To prepare you for 21st year of the Atlanta Jewish Film Festival, completely virtual-for-the-first time as you’ve never seen before, we bring you 21 previews spotlighting the breath of films offered for your home viewing. The films, which represent more than half of those in the AJFF lineup Feb. 17-28, include classics, intimate family dramas, upbeat comedy and historic documentaries. Sit back and relax as the AJFF brings us together through film.
Let’s just say it’s complicated. Not your everyday shiva. “Shiva Baby,” written and directed by Emma Seligman, is a satirical comedy filled with a cast of characters awkwardly interacting at a shiva. The movie’s focus is Danielle, an unmotivated millennial, played by Rachel Sennott. As her identity dismantles and takes center stage, the unpredictable layers of her lies are revealed at this debacle of a gathering. Centered around an accidental run-in, Danielle bumps into her real-life sugar daddy who unknowingly shares this common connection. Next, add a high school lover who appears, and the rest of the shiva is a whirlwind of conflictual fiascoes. This comedy combines a disastrous reunion, an untimely gathering and unravels one embarrassing moment after another.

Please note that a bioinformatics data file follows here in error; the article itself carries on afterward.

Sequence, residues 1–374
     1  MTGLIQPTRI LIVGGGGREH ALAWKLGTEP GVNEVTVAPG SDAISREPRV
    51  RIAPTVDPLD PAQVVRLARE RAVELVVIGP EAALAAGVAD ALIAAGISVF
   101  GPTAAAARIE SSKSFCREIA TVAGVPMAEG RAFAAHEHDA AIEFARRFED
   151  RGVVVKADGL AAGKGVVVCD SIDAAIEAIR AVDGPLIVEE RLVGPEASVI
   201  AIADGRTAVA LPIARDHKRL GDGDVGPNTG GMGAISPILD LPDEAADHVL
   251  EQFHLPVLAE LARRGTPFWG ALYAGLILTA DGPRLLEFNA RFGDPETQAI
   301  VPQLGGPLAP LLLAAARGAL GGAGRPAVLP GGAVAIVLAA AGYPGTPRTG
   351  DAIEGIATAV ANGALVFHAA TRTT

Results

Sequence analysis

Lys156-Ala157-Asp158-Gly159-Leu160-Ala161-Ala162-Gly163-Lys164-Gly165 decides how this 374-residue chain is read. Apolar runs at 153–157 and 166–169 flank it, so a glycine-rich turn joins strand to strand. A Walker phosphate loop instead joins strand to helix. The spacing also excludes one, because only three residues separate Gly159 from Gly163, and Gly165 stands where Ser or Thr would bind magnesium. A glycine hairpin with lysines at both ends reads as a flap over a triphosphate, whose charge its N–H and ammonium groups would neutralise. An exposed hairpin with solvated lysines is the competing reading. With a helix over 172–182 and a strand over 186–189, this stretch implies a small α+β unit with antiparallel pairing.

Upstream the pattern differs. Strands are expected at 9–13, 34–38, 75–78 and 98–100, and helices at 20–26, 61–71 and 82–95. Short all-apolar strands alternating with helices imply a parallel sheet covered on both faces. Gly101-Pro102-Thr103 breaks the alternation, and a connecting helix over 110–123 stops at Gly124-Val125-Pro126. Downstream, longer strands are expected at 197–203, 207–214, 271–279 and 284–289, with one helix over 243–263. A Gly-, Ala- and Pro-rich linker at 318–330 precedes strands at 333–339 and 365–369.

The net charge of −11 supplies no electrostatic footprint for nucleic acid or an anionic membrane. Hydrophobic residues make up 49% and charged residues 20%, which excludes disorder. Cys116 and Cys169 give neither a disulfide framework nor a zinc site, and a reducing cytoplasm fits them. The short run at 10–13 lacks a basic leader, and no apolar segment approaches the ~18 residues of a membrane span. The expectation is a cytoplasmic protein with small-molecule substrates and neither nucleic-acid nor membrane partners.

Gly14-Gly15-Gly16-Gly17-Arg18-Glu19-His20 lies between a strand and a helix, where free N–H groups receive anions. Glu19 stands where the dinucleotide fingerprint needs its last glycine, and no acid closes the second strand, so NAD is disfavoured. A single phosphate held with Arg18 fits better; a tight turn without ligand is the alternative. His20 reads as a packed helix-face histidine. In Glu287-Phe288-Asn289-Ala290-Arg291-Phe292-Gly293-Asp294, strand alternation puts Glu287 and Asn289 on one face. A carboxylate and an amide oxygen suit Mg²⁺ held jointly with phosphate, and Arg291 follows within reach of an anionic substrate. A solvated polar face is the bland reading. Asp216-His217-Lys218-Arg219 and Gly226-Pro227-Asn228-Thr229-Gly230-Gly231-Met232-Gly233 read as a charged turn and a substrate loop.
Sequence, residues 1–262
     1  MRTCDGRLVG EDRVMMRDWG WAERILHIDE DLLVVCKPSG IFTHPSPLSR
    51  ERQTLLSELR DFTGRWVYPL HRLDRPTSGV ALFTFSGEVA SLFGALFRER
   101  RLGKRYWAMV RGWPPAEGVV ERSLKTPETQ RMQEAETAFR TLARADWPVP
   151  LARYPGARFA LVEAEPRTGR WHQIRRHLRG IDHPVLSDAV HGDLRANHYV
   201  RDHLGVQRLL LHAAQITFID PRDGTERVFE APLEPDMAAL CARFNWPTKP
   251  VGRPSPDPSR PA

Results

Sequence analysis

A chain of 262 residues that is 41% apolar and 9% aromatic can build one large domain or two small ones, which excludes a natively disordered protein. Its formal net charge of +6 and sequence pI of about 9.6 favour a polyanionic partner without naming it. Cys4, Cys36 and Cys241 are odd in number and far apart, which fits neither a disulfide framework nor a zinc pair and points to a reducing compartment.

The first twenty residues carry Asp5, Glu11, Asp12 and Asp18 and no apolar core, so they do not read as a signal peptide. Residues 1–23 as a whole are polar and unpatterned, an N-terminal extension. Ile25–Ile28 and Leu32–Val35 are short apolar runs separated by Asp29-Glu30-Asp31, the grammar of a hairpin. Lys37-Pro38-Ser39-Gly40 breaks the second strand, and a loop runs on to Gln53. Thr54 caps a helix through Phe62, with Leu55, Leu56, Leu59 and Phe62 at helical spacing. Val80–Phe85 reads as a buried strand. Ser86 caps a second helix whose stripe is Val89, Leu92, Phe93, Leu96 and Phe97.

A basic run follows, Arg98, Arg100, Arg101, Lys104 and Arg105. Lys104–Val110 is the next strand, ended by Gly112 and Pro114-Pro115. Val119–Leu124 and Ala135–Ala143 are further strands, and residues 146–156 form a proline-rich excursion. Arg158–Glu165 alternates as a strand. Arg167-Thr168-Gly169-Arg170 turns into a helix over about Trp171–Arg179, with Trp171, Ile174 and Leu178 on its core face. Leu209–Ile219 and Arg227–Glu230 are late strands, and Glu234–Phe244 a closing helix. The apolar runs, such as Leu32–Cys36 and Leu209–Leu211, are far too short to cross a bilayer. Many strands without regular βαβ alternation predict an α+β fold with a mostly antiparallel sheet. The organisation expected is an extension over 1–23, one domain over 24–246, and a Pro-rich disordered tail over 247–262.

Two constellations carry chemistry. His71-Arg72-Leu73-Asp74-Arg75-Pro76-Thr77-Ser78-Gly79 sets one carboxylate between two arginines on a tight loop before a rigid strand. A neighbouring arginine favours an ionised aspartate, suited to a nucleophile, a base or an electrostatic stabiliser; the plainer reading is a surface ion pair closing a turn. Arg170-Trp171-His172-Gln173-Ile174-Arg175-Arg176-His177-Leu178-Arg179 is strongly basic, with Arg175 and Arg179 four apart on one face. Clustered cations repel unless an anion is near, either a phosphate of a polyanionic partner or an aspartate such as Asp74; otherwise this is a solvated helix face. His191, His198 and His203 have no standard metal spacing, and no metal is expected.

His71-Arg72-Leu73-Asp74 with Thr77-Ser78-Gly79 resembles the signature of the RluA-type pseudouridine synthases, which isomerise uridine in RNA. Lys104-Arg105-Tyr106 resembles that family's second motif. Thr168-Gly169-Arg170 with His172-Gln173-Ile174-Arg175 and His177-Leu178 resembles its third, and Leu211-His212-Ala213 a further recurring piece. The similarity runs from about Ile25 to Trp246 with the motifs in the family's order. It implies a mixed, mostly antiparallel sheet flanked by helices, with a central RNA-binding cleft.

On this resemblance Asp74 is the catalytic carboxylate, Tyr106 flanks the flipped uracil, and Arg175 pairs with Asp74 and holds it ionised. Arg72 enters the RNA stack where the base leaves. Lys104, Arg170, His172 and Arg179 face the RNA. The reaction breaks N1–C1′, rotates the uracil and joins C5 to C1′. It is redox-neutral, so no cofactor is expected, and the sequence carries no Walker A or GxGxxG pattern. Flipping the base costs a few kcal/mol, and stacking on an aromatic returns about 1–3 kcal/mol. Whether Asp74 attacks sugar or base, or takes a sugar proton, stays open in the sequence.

The movie’s provocative opening and perplexed ending further position “Shiva Baby” as a character study of intertwined relationships. Its comic relief mixed with sex, lies and a shiva is a quick-witted story swirling around Danielle’s life choices and looming stress as her secrets unfold. Add in her interfering mother, who uses the shiva opportunity to network her daughter for a job while both of her parents are cluelessness about their daughter’s life behind the scenes. The pushing and shoving of Danielle’s mom through the story is comedic, but certainly tragic, as Danielle appears to be an imposter outrunning the parent’s expectations.
The shiva also includes a cast of judgmental characters sharing an undercurrent of whispers. While “Shiva Baby” exposes Danielle’s secrets, to make matters worse, her hidden lover also brings his wife and their baby to the shiva. Of course, no one escapes judgment in this crowd, with characters chiming in with comments like, “Who brings a baby to a shiva!”
The gossip that swirls around this film keeps the story lively and unpredictable. Sexual interludes and panic attacks leave the main character trapped in her past as she does her best to manipulate the present. Unlike any shiva you’ve attended, you’ll wonder should you laugh, cry or just feel sorry for the main character, who is trying her best to sort out her undirected path in life.